Lev Baby, you were doing so well. And then you penned this silly puff piece on Harriet Klausner! Unmentioned in Mr. Grossman’s writeup is the fact that Klausner doesn’t write a single negative review, much less offer her audience anything more than a plot summary or an idea of who the book might appeal to — thus calling into question her critical acumen. Even stranger, Grossman writes that “she is one of the world’s most prolific and influential book reviewers.” Well, I’ll certainly agree with Grossman that Klausner is “prolific.” Then again, a rat pops out a litter of 10 to 12 every 22 days and very few sane people celebrate the dissemination of pestilence.
But influential? What self-respecting literary enthusiast looks to Klausner’s reviews as the real deal? There’s a reason why you don’t see Klausner’s blurbs quoted on dust jackets. I’m sure Klausner has her fans, but where are they exactly?
Perhaps more egregious than all of this is Grossman’s needless self-flagellation here:
People don’t care to be lectured by professionals on what they should read or listen to or see. They’re increasingly likely to pay attention to amateur online reviewers, bloggers and Amazon critics like Klausner. Online critics have a kind of just-plain-folks authenticity that the professionals just can’t match. They’re not fancy. They don’t have an agenda. They just read for fun, the way you do.
On the contrary, some of us out here do care (or are at least interested in) what professionals have to say (including you, Lev Baby!). Why else would we be so hard on you? Or send you brownies and fruit baskets? We want you to think better! We want you to raise the bar!
I must also take umbrage with the idea that a professional critic cannot adopt a “just-plain-folks authenticity.” John Freeman, whom I have criticized on these pages, does indeed effect a “just-plain-folks authenticity” quite well in his reviews. You’re not always going to get deep insight, but at least you’ll get a dependable book overview.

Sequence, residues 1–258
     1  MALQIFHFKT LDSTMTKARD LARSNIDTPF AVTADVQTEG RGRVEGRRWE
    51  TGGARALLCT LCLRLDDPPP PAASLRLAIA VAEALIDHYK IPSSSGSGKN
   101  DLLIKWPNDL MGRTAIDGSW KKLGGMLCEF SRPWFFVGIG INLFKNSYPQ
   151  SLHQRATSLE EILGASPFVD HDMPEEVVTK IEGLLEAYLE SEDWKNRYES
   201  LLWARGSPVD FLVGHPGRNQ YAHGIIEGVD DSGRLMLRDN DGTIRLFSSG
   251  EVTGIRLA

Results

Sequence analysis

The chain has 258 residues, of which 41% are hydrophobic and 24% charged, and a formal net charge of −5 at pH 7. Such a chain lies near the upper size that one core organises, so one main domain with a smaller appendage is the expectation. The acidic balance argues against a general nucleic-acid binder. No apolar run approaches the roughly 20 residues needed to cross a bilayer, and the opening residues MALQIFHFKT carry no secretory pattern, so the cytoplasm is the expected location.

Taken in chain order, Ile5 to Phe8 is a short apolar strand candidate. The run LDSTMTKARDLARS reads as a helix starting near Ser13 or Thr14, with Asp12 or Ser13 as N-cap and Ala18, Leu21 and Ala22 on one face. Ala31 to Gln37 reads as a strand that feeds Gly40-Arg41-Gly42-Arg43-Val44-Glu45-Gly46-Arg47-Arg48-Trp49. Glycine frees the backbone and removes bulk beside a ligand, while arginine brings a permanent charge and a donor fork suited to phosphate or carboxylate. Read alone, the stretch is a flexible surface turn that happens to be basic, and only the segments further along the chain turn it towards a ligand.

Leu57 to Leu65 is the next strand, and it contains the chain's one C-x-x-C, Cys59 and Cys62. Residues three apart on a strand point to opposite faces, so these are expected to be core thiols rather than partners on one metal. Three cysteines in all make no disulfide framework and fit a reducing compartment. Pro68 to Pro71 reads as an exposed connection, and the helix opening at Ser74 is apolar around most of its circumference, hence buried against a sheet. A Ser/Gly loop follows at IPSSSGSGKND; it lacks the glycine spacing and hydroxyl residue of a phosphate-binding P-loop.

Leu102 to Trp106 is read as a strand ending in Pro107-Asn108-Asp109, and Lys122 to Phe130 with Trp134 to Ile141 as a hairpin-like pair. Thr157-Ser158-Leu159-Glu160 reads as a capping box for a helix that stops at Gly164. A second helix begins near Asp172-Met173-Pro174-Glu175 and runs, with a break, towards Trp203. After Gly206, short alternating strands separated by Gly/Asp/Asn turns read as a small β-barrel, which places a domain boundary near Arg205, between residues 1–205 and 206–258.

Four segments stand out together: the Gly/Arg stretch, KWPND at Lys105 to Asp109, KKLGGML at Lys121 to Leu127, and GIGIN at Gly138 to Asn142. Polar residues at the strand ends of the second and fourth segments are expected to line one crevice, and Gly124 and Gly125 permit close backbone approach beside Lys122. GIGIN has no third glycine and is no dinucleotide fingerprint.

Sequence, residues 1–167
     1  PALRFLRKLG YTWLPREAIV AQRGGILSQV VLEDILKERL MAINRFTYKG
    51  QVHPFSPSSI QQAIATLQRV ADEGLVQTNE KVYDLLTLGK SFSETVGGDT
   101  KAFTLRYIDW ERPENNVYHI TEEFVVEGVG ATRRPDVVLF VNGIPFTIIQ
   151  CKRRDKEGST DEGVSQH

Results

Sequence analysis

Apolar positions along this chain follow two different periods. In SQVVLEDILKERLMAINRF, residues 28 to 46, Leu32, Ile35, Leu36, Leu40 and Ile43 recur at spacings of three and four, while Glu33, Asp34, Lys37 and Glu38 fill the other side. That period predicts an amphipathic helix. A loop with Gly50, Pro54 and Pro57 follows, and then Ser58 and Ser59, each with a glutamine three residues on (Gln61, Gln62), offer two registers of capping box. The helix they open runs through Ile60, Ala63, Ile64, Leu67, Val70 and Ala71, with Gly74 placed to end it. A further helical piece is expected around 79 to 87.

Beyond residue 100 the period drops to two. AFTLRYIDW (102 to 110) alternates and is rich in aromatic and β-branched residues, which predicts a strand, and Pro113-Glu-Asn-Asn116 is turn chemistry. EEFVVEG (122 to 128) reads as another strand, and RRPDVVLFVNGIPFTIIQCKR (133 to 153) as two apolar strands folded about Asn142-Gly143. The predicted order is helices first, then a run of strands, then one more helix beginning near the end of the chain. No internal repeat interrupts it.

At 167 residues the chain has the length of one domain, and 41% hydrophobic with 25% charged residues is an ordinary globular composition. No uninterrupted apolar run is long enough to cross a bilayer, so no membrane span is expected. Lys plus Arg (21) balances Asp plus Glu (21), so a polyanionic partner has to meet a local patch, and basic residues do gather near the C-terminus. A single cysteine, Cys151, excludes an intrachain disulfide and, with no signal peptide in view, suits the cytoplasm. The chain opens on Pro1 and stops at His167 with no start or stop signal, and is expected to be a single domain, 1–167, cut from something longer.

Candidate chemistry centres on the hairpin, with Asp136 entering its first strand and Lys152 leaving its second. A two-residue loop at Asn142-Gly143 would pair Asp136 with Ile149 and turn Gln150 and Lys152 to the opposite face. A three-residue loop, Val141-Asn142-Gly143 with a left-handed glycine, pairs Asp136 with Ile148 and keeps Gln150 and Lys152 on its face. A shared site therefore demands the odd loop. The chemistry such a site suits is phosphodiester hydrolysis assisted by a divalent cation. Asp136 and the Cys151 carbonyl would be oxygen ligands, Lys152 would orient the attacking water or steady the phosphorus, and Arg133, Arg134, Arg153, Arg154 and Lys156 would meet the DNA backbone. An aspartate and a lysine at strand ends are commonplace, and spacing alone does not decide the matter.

And then there’s the idea that a professional critic cannot read for fun (as opposed, apparently, to the Harriet Klausners of the universe, who, conversely, cannot develop a palate). Huh? Why the hell else would you subject yourself to a book or an author and take the trouble to write about it? For the abysmal pay? For the possibility that your review will be ignored by most of the readers?
Perhaps what Grossman is confessing to us here is that he’s not having much fun being a book critic. If so, then why the hell would you stay in the business? I cannot fathom why anybody would spend so much of his life doing something that he clearly didn’t think was fun. I also cannot fathom a spectrum with FUN at one end and CRITICAL at the other. Isn’t there room here for both? Cannot one be both fun and critical? That’s certainly what I try to do.
Christ, do I have to send Grossman another fruit basket?
Or perhaps Grossman should start a blog like the rest of us and join the party. Some of us out here even blog in the nude.
Grossman won’t start a blog. Then he’d actually have to deal with these criticisms directly rather than hiding behind his Time articles.